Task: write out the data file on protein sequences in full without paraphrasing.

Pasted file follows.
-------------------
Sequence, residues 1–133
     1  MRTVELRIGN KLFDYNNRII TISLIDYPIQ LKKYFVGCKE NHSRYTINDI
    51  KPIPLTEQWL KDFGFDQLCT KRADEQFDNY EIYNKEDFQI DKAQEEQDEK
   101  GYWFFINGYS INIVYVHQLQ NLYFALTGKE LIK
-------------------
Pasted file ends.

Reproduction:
Sequence, residues 1–133
     1  MRTVELRIGN KLFDYNNRII TISLIDYPIQ LKKYFVGCKE NHSRYTINDI
    51  KPIPLTEQWL KDFGFDQLCT KRADEQFDNY EIYNKEDFQI DKAQEEQDEK
   101  GYWFFINGYS INIVYVHQLQ NLYFALTGKE LIK